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Health Equity: Tenant-Based Rental Assistance Programs

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What the CPSTF Found

About The Systematic Review

The CPSTF finding is based on evidence from a systematic review of 12 studies (search period 1965-2000).

The review was conducted on behalf of the CPSTF by a team of specialists in systematic review methods, and in research, practice, and policy related to promoting health equity.

Context

There is no information for this section.

Summary of Results

Detailed results from the systematic review are available in the published evidence review pdf icon [PDF - 2.89 MB].

The systematic review of tenant-based rental assistance (or voucher) programs included 12 studies.

  • Household victimization decreased by a median of 6% (5 studies)
  • Social disorder decreased by a median of 15.5% (4 studies)
  • Behavioral problems among youth, measured between 1 and 5 years (mean, 2.9 years) after the intervention took place, decreased by a median of 7.8% (3 studies).
  • Self-reported symptoms of depression and anxiety among heads of households decreased by a median of 8% (2 studies).

Summary of Economic Evidence

An economic review of this intervention did not find any relevant studies.

Applicability

The finding should be applicable to most low-income families in urban areas.

Evidence Gaps

Additional research and evaluation are needed to answer the following questions and fill existing gaps in the evidence base.

  • The causes of residential segregation and isolation of families by income, race, ethnicity, or social class into neighborhoods of concentrated poverty are complex. Tenant-based rental assistance programs allow families to find affordable housing in safer neighborhoods, but the potential to fully realize housing and neighborhood choice could be advanced by a greater understanding of factors that affect choice.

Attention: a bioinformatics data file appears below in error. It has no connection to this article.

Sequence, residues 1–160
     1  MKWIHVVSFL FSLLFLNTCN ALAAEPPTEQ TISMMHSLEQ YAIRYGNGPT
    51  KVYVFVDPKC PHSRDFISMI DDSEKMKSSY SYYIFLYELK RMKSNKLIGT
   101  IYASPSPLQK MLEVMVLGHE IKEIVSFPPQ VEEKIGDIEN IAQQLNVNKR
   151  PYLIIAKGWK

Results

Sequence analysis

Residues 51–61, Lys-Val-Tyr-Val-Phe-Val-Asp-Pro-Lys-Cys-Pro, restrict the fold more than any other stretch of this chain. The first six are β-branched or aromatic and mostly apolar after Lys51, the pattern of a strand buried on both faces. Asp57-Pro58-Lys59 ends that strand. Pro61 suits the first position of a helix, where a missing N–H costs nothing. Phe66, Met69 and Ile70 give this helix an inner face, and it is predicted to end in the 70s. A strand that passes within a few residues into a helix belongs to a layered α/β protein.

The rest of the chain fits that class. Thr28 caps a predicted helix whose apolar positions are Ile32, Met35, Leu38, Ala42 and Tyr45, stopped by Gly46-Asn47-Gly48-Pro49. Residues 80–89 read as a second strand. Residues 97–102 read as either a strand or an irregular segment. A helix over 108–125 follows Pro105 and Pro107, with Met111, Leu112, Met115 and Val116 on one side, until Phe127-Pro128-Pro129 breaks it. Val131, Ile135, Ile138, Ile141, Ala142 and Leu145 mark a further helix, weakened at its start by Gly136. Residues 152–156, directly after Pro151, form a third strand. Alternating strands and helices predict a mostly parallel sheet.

• What resources are critical in allowing families to fully realize the potential for housing mobility (e.g., counseling on housing search strategies, transportation resources)?
    • How can the Section 8 program be made more attractive to landlords, particularly when rental units are scarce in a tight rental market?
  • How effective are these programs with elderly populations and those with special health needs?
  • Does encouraging residential mobility away from poor central-city areas disrupt existing neighborhood social networks and supports, giving way to greater neighborhood social deterioration?
    • To what extent should housing mobility strategies be coupled with revitalization efforts to make central-city neighborhoods more attractive to families at all income levels?
    • What factors contribute to residential clustering of Section 8 families in particular neighborhoods, which could eventually lead to neighborhood decline and the reconcentration of poverty?
  • Tenant-based rental assistance programs do not add to the stock of housing, but rely on available housing in the private rental market. In tight rental markets, when few units are available, is a voucher approach feasible?
    • How does the program compare in cost with housing built and maintained by public funds?
    • Are rental voucher programs cost effective?

Study Characteristics

Studies represented four broad groups of federal housing evaluation efforts:

  1. The Housing Allowance Experiment
  2. HUD’s Section 8 Rental Certificate and Voucher program
  3. The Gautreaux program, in which rental vouchers were provided to African-American families in racially segregated public housing in Chicago
  4. Moving to Opportunity for Fair Housing research, implemented in five large cities, which combined rental vouchers with household counseling to help low-income families move from public housing to nonpoverty neighborhoods

Studies were conducted among white, Latino, and African-American populations, and effects were similar for all of these groups.

Publications